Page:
Yesterday Barry Rubin provided a refresher course on the topic of the Jewish presence in “east” Jerusalem.
October 31, 2009: U.S. Secretary of State Hillary Clinton lavishly praises Israel as making “unprecedented” concessions in stopping construction on West Bank settlements while it is still going to build in east Jerusalem.
November 1, 2009: The U.S. State Department cheers Israel’s announcement that it will stop construction on West Bank settlements but not in east Jerusalem: “Today’s announcement by the Government of Israel helps move forward toward resolving the Israeli-Palestinian conflict.”
March 12, 2010: Secretary of State Hilary Clinton says that Israel building in east Jerusalem is an “insult” to the United States, jeopardizes the bilateral relationship, and damages the cause of resolving the Israeli-Palestinian conflict.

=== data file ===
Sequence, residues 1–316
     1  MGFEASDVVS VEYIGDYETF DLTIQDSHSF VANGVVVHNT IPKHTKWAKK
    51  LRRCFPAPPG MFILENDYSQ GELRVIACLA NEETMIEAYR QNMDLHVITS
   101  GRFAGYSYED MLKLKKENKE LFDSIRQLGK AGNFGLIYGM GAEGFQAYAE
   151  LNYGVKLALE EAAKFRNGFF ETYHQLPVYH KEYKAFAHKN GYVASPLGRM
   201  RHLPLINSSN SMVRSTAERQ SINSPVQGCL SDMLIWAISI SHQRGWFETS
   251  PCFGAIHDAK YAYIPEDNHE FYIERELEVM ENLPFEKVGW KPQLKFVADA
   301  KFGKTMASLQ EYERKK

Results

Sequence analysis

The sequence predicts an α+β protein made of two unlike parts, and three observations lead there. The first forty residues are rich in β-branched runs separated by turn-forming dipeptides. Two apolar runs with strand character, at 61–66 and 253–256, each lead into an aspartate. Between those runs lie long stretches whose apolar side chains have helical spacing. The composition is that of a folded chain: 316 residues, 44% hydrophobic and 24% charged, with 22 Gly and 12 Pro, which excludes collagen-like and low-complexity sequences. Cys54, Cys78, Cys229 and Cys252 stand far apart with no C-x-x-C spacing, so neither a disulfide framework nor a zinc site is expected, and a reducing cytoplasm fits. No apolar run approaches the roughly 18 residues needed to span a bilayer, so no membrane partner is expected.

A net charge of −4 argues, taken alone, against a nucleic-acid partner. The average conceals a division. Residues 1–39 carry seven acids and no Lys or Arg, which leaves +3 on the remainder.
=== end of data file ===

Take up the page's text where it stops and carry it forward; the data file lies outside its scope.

And then there are those who would lay all of the problems of the Middle East at the doorstep of Israel and its supporters, as if the Israeli-Palestinian conflict is the root of all trouble in the region. These voices blame the Middle East’s only democracy for the region’s extremism. They offer the false promise that abandoning a stalwart ally is somehow the path to strength. It is not, it never has been, and it never will be.
The issue, Axelrod said, is a “flare point throughout the region” and puts U.S. interests at risk. “It is important for our own security that we move forward and resolve this very difficult issue,” Axelrod said.
Believe it or not once upon a time Sen. George Mitchell complained about an administration that sought to prohibit Israel from building in east Jerusalem.